Since the economic crisis hit, clients have been more likely to ask for rides to the unemployment office than to the workplace, he said.

“You hear a lot about the auto industry and Wall Street and people losing their homes,” Heusted said, “but in reality, the average Joe at all levels is being impacted by this. A lot of people are losing their jobs.”

Heusted also said he had noticed clients becoming more frugal.

“We’re still taking them to the grocery store, but they’re just buying the basics,” he said. “People have a lot less disposable income. You’re spending more and getting less.”

It’s what Peggy Kirkpatrick, executive director for the Central Missouri Food Bank, calls “situational poverty,” when tough economic times mean paychecks can run out before the bills do.

Kirkpatrick says the food bank has seen the effects of job loss, too. Last month, food was distributed to about 9,500 people, up from 7,400 at the beginning of the year.

And while the current economy compounds the situational poverty families have been experiencing since October, she said, “we’ve been seeing it all year.”

Playing catch up

When the University of Missouri System came up $40,000 short of a systemwide $600,000 donation goal, University staff opened a weeklong online auction Wednesday as a final push to help the community, said auction organizer Mitzi Clayton.

Auction items include dinners with President Gary Forsee, Chancellor Brady Deaton and MU football coach Gary Pinkel, as well as signed memorabilia from Carl Edwards.By the end of the first night, the auction had raised $2,000 in bids.

“One in three university employees receive United Way services,” Clayton said. “We don’t want to have to tell people no, and unfortunately, people are having to be turned away.”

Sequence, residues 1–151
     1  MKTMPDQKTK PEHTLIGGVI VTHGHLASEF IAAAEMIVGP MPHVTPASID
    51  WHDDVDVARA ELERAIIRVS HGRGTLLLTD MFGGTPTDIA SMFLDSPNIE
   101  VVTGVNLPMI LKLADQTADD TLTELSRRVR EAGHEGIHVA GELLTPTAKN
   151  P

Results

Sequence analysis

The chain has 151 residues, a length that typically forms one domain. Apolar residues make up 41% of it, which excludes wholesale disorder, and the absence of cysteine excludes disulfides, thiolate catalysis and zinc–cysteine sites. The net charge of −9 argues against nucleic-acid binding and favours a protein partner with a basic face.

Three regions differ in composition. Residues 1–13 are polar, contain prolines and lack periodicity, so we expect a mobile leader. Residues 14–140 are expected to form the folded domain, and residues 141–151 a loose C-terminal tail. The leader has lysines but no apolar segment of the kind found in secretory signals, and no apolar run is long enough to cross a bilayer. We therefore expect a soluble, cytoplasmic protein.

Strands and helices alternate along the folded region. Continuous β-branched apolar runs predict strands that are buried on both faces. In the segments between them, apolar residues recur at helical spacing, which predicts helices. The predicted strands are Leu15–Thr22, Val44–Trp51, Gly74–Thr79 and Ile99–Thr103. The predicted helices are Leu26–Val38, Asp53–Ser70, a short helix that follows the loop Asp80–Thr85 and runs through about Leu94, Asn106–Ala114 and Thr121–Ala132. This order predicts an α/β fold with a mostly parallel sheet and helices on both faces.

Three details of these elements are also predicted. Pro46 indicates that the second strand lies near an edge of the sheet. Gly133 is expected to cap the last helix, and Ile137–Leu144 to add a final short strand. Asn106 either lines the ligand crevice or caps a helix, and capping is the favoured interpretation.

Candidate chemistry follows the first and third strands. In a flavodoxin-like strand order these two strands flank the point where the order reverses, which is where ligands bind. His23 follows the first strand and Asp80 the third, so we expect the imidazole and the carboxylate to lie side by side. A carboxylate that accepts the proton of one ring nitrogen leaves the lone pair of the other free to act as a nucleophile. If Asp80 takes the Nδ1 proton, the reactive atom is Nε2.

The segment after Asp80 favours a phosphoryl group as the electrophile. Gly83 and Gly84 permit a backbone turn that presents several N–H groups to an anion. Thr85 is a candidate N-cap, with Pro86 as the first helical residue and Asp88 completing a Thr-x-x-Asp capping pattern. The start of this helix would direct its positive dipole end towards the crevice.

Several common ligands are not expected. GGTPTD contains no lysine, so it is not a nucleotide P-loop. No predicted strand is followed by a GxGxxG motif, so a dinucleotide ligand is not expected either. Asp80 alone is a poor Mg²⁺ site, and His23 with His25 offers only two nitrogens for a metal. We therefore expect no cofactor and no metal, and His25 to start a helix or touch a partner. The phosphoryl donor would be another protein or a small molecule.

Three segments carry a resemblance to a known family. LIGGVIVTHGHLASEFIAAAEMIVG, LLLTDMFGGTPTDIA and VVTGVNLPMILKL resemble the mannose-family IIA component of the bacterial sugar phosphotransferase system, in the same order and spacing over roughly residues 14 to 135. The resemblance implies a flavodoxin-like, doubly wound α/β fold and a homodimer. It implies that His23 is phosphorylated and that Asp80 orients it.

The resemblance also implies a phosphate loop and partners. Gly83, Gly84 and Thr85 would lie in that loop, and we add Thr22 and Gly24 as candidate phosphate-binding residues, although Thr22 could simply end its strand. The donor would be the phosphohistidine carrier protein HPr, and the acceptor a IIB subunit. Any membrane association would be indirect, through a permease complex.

Companies such as Schnucks grocery store and MBS Textbook Exchange are holding “Jeans Days,” where employees donate $5 to dress informally for work. Other groups, such as the MU Bookstore and the Boy Scouts of America, are selling Live United T-shirts this week.

United Way chapters across the country have launched similar campaigns.

“We are not alone as the only community having to put forth extra effort,” Benton Wolfe said. “It’s a difficult time.”

So far, very few T-shirts have been sold, but Schnucks General Manager Bill Chrisco said he’s staying optimistic.

“The community in Columbia, they help when there is a need,” he said. “I think bringing awareness will bring help to the United Way.”

If United Way falls significantly short of its about $3 million goal, the group will have to seriously reconsider how to distribute funds to the agencies it supports.

So far, organizations that supply basic needs, such as food, clothing, shelter — what Benton Wolfe called “I-need-this-to-live stuff” — are seen as priorities and are also receiving the biggest increase in demand, which may mean they will see fewer cuts in funding.

“But we’re not ready to go there yet,” Benton Wolfe said. “We’re still campaigning. And I think Columbia is doing probably one of the best jobs possible to really bring home the campaign.”